Former chief justice Nasirul Mulk today took oath as Pakistan's seventh caretaker prime minister until general elections on July 25 to oversee the second-ever democratic transition of power in the country.
Former chief justice Nasirul Mulk today took oath as Pakistan’s seventh caretaker prime minister until general elections on July 25 to oversee the second-ever democratic transition of power in the country ruled by the powerful army for much of its life since it gained independence 70 years ago. President Mamnoon Hussain administered the oath to 67-year-old Mulk, who was unanimously nominated for the post by both the government and opposition, with former prime minister Shahid Khaqan Abbasi describing the retired judge as a someone whose appointment “no one would object to”, Dawn News reported.
Last week, Leader of the Opposition Khursheed Shah made the announcement at a press conference here which was attended by Prime Minister Shahid Khaqan Abbasi and National Assembly Speaker Ayaz Sadiq. The present government will complete the tenure on May 31 and the caretaker government will remain in office until a new government is elected. The caretaker administration will not make any major decisions. The oath-taking ceremony comes hours after the third National Assembly in a row managed to complete its five-year constitutional term. However, it is only the second National Assembly under civilian rule which completed its tenure, as the one which came into existence in 2002 continued to function under the former President Pervez Musharraf.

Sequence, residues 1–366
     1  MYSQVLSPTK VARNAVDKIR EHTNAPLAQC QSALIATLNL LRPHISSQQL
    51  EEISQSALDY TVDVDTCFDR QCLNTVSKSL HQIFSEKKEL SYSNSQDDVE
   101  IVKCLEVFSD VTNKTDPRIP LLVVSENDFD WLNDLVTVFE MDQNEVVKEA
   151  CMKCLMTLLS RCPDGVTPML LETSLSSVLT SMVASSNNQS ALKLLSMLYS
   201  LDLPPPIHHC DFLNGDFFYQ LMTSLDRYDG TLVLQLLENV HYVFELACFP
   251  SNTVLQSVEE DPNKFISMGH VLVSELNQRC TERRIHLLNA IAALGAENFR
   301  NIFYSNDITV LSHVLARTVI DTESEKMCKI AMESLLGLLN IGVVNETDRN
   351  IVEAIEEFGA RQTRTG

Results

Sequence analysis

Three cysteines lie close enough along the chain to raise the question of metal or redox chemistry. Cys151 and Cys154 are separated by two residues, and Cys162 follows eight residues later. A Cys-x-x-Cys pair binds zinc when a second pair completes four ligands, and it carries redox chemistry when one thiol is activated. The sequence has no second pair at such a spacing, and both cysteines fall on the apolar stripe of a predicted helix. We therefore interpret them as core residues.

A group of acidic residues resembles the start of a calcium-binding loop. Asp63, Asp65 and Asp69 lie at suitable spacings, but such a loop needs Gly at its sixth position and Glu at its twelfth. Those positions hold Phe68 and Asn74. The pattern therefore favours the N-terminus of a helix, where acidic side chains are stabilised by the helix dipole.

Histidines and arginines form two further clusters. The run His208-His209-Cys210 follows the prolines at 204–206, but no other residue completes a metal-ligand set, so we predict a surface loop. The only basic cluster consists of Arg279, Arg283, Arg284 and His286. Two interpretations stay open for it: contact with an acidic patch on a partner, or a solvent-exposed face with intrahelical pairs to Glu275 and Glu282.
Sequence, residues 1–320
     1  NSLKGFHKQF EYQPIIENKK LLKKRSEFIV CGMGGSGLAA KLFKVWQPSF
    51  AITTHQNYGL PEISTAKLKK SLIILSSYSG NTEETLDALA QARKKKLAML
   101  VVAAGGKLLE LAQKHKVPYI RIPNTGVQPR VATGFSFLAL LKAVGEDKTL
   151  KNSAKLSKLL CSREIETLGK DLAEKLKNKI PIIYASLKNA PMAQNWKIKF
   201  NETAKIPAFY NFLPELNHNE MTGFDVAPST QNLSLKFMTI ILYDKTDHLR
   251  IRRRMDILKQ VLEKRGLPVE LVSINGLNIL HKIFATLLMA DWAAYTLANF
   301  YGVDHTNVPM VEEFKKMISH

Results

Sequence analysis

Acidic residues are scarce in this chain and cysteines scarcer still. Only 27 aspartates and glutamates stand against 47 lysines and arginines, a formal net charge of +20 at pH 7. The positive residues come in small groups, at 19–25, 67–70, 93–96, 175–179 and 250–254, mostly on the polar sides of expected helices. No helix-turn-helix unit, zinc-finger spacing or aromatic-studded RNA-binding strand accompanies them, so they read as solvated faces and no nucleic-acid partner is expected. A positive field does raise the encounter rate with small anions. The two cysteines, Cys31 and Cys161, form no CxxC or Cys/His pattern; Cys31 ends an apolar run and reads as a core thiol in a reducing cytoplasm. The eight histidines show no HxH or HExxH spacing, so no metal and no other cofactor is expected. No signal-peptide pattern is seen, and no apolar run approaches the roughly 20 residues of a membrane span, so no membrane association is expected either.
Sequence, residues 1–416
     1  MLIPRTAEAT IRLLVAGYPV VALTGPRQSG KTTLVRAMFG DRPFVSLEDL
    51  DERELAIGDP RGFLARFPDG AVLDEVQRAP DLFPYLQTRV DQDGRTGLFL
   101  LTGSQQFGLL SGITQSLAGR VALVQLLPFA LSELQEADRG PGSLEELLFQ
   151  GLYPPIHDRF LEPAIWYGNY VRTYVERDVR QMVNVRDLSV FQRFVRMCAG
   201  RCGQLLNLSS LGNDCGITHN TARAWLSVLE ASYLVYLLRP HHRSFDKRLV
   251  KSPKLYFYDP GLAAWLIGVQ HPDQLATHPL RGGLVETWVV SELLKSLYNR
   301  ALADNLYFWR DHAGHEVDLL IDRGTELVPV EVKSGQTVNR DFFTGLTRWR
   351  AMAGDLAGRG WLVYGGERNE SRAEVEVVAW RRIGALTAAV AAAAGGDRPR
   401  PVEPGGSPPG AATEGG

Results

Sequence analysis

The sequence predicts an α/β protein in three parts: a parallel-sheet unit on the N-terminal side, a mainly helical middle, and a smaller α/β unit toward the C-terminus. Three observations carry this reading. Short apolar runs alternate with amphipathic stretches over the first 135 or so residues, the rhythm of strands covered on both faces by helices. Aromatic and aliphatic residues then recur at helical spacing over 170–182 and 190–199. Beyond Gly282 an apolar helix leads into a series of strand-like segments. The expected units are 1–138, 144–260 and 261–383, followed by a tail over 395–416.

The three National Assemblies have elected seven prime ministers over the last 16 years, the report said. Justice Mulk is one of the seven judges who signed a restraining order on November 3, 2007, when Musharraf imposed emergency and forcibly sent the judges home. The job of the caretaker prime minister is to keep the country running between the dissolution of parliament and the new government being sworn in. Mulk was born on August 17, 1950 in Mingora, Swat, in Khyber Pakhtunkhwa province. He worked as lawyer and judge for several years before his appointment as the 22nd Chief Justice of Pakistan in 2014. In its 70-year-long history, the country experienced its first democratic transition of power in 2013, when Pakistan Peoples Party handed over the power to Pakistan Muslim League-Nawaz (PML-N), which had won the general elections.